Cluster headache is an attack of severe pain localized to the unilateral orbital, supraorbital, and/or temporal areas that lasts from 15 minutes to 3 hours. It occurs from once every other day to 8 times per day.
Attacks occur at the same time period for several weeks (the cluster period); accompanied by ipsilateral autonomic signs. Most patients are restless or agitated during attacks compared to people with migraine who often report motion sensitivity during attacks.
Pathophysiology is thought to result from hypothalamic activation with secondary trigeminal and autonomic activation. Cluster period attacks can be precipitated by alcohol, volatile smells, warm temperatures, and sleep.
Diagnosis is based on International Headache Society International Classification of Headache Disorders, 3rd edition (ICHD-3) criteria.
Medications for acute treatment should be used in combination with prophylactic medications.
Greater occipital nerve blockade often provides relief until preventive medications take effect. Neurostimulation techniques have provided dramatic response in patients with chronic cluster headaches that are refractory to medical treatments. Invasive neurostimulation techniques employed in cluster headache include occipital nerve stimulation and posterior hypothalamic region deep brain stimulation. Emerging techniques include noninvasive vagal nerve stimulation and invasive sphenopalatine ganglion stimulation.
Cluster headache is considered one of the most painful conditions known. The clinical picture consists of unilateral headache attacks lasting 15 to 180 minutes, associated with autonomic symptoms secondary to parasympathetic hyperactivity and sympathetic hypoactivity. Some patients will develop chronic cluster headache and experience daily attacks without periods of remission. Pain is often localized to the unilateral orbital, supraorbital, and/or temporal areas and can occur from once every other day to 8 times per day.
During an attack the pain is strictly unilateral, although some patients report the pain shifting sides between or during bouts but not during the attack itself. Both cluster bouts and attacks during a cluster period can show cyclical periodicity occurring at the same time of year or the same time of day. Autonomic features accompanying pain include ptosis, conjunctival injection, lacrimation, rhinorrhea, nasal stuffiness, eyelid and facial swelling, aural fullness, facial sweating, and redness. Most patients become very restless or agitated during an acute attack, unlike people with migraine who often report motion sensitivity during attacks.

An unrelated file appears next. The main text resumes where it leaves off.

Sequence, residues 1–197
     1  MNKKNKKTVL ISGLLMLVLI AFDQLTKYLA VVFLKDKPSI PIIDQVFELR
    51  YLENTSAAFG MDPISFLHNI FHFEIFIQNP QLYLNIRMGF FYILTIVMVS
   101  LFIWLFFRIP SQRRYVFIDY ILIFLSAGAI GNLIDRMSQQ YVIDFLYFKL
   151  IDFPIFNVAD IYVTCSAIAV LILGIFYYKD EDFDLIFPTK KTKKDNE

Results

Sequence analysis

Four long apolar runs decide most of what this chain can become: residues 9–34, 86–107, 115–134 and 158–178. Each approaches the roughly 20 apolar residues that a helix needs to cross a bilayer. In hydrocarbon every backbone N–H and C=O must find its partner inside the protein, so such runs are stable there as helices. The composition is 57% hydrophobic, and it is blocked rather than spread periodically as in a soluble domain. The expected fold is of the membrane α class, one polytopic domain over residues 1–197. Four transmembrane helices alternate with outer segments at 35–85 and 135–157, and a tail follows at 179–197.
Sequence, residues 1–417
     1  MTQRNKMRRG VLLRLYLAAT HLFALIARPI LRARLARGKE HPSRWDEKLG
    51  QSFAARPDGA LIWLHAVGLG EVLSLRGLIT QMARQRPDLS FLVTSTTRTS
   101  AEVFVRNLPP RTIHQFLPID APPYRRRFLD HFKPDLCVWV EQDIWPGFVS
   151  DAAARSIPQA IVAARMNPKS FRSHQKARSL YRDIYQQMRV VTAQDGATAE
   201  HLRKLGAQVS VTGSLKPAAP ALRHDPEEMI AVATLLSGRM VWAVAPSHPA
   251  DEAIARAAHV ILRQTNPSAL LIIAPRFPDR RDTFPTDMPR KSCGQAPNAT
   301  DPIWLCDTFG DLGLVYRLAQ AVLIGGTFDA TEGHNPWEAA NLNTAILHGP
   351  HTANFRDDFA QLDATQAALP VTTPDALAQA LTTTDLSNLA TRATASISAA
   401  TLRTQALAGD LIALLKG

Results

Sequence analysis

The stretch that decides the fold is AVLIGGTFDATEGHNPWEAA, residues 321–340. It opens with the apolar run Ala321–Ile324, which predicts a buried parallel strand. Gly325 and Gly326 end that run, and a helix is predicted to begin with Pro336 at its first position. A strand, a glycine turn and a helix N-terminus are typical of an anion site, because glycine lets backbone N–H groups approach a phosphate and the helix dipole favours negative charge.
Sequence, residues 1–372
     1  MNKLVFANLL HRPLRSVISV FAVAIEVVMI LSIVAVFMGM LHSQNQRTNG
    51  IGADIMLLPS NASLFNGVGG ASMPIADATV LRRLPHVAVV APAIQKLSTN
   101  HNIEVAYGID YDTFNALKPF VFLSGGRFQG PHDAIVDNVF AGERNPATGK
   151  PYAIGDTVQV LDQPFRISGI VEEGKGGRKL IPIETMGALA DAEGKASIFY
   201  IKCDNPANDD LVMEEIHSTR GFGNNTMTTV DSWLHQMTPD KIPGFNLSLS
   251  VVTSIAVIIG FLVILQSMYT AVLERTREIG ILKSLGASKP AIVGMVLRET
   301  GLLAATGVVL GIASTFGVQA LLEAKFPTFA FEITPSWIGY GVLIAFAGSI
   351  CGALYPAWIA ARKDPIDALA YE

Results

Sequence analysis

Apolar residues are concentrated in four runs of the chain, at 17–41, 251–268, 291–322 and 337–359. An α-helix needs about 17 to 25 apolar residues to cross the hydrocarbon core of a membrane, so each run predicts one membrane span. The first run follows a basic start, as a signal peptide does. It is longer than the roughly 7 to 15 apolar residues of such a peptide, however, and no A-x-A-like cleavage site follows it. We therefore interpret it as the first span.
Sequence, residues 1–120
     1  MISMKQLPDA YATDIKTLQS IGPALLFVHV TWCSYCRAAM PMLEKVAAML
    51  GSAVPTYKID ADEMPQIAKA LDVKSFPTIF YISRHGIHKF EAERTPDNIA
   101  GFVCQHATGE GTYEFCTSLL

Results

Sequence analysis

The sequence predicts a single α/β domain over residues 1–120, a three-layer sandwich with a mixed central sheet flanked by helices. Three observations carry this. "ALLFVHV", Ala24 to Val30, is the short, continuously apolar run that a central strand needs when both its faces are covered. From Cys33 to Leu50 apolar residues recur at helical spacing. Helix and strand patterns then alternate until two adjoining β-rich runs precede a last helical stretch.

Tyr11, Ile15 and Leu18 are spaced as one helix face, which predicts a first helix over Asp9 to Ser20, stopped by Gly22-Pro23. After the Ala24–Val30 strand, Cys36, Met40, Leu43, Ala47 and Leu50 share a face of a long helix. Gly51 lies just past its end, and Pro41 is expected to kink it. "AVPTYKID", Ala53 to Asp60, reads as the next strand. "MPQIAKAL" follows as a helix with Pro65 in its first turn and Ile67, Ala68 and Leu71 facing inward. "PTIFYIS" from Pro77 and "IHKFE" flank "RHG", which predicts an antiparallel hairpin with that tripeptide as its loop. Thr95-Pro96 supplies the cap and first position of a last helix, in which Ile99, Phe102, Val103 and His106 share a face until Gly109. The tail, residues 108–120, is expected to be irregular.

Approximately 90% of patients have episodic cluster headache, which consists of at least two cluster periods of attacks lasting from 7 days to 1 year when untreated (cluster periods usually last from 2 weeks to 3 months), separated by remission periods lasting at least 3 months.
The chronic form of cluster headache is seen in approximately 10% of patients and consists of attacks that occur for 1 year or longer without remission, or with remission periods lasting less than 3 months. The condition may be chronic from onset or may evolve over time from the episodic form.
History and exam
Key diagnostic factors
- repeated attacks of unilateral pain
- excruciating pain
- lacrimation, rhinorrhea, and partial Horner syndrome
- nausea, vomiting
- photophobia, phonophobia
- migrainous aura
- male gender
- family history
- head injury
- cigarette smoking
- heavy drinking
1st investigations to order
- brain MRI without and with intravenous contrast
- erythrocyte sedimentation rate
- pituitary function tests
Investigations to consider
- brain CT scan
acute attack: without cardiovascular disease or uncontrolled hypertension
acute attack: with cardiovascular disease or uncontrolled hypertension
episodic/chronic cluster headache
- Paroxysmal hemicrania
- Short-lasting, unilateral, neuralgiform headache attacks with conjunctival injection and tearing (SUNCT)
- Headaches in over 12s: diagnosis and management
- ACR Appropriateness Criteria: headache
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